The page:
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How to Forgive Yourself

Updated: Mar 31

This blog series explores what forgiveness is, how to forgive others, and how we forgive ourselves.

As noted in What is Forgiveness, forgiveness is both decisional and emotional. How to Forgive Others covered the steps to take – deciding to forgive, refusing to ruminate, and processing emotions. Now, let’s talk about forgiving yourself.

Is self-forgiveness a thing? Yes, it’s an important thing.

Isn’t it just rationalizing or justifying your behavior so you quit feeling guilty? No, though, it does lessen the burden of guilt.

It's selfish, right? Not at all; it’s necessary to prevent recurring regrettable incidences. Self-forgiveness is a gift you give yourself and others.

Let me explain.

We have all violated our conscience. We have known something was wrong and, for whatever reason, decided to do it anyway. Paul sums this phenomenon up beautifully, “For I do not understand my own actions [I am baffled and bewildered by them]. I do not practice what I want to do, but I am doing the very thing I hate [and yielding to my human nature, my worldliness—my sinful capacity]” (Amplified Bible Classic Edition, 1954/1987, Rom. 7:15).

So, now what? We apologize to the offended party and God. We try really hard not to do it again...until we do. Rinse and repeat.

How do we break the cycle? Repentance and self-forgiveness. They are linked.

Repentance is defined as “a contemplated change in mind, heart, and action based on conviction of sin” (Hunt, 2014). Milam (2017) gives four conditions for self-forgiveness:

1. You must acknowledge the wrongness of your actions. This is the “contemplated change in mind” associated with repentance. It also eliminates rationalization and justification of the behavior.

2. You must accept responsibility for the behavior. No reasons stuffed with lies – a.k.a. excuses, as Billy Sunday would say.

3. You must acknowledge the guilt, shame, or fear associated with the action(s) and process the emotion(s). This is the change of heart portion of repentance.

4. Finally, when all these things come together, you have a “change condition.” In other words, your actions change because your mind and heart have changed.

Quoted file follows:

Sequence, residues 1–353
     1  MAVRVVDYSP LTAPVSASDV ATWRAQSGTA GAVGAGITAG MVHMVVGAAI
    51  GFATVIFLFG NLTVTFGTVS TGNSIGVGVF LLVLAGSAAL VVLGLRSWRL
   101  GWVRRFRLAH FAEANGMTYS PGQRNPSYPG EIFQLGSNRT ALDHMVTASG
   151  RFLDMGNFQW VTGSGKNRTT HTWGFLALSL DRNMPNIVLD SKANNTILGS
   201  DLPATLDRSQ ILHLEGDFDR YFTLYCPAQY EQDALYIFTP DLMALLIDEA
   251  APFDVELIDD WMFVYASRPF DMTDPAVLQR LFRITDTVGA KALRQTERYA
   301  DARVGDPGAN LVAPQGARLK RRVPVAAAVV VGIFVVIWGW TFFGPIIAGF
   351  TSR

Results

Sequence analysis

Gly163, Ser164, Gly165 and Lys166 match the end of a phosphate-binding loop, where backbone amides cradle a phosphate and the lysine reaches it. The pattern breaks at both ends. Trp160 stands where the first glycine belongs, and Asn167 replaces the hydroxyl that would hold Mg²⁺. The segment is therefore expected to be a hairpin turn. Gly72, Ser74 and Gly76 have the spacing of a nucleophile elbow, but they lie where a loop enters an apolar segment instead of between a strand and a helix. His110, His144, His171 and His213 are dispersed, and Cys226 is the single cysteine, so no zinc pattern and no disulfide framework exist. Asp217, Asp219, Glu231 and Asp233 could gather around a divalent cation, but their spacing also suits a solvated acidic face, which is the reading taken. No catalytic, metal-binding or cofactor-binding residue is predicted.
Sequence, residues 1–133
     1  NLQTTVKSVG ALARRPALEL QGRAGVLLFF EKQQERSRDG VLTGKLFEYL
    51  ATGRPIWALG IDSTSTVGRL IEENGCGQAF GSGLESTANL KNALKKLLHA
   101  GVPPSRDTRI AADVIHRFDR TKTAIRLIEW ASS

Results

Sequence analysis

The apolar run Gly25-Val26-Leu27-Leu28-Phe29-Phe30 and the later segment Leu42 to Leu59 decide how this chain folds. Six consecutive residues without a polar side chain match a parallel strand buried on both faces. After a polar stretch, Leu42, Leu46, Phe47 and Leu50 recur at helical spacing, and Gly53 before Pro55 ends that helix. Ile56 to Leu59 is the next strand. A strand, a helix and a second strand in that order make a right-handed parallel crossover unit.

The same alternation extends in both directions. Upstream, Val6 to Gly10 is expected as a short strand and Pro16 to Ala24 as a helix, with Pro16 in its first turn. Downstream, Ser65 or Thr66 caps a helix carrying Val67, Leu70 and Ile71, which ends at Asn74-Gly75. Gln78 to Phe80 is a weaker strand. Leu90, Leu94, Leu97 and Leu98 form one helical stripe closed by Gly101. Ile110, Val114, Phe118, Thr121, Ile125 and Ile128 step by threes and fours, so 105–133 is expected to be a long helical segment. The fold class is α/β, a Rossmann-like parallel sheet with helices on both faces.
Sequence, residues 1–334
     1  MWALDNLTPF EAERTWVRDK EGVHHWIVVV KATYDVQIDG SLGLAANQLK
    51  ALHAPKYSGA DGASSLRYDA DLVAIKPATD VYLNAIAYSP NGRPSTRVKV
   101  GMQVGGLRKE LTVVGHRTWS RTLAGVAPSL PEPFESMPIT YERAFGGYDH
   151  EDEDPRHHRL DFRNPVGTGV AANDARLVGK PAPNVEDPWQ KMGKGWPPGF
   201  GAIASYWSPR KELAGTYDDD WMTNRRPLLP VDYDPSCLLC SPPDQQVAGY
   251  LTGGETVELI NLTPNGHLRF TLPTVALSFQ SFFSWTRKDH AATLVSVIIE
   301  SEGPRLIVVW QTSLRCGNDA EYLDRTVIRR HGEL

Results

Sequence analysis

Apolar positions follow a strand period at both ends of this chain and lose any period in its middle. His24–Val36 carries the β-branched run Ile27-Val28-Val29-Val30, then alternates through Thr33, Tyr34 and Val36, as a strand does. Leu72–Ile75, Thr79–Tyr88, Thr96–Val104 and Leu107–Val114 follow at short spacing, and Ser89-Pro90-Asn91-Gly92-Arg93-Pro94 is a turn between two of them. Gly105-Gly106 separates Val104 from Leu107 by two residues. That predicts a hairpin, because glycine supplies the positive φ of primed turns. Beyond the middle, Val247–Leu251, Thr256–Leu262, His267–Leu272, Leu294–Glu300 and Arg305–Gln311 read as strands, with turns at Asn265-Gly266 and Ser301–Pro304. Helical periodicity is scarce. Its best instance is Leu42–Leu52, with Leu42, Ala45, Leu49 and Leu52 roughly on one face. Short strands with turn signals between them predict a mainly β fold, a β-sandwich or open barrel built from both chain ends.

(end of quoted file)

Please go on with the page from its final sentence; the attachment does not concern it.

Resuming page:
Here’s the thing. When we violate our conscience, we create a state of cognitive dissonance. We create disharmony between who we believe we are and who we have shown ourselves to be. To regain harmony, we either forgive ourselves and move forward as who we believe ourselves to be – or we change our beliefs, i.e., justify and excuse our behavior (Aronson et al., 2016).

If we don’t forgive ourselves, we lower the bar each time we make an excuse and adapt our beliefs to our behavior. It increases the likelihood we will do it again.

Apologize. Repent. Forgive yourself.

Self-forgiveness is a gift you give yourself because it leads to growth and builds integrity. Your actions will align with your beliefs. It is a gift you give others as it reduces the likelihood of the offense becoming habitual.

Contact me for help on your journey to authentic healing and forgiveness.

Angela W. Startz, MAHSC, CCLC


Amplified Bible Classic Edition. (1987). Amplified Bible classic edition online. (Original work published in 1954).

Aronson, E., Wilson, T. D., Akert, R. M., & Sommers, S. R. (2016). Social psychology, (9th ed.). (n.p.): Pearson Education.

Hunt, J. (2014). The biblical counseling reference guide. Harvest House Publishers.

Milam, P.E. (2017). How is self-forgiveness possible? Pacific Philosophical Quarterly, 98, pp.49-69.

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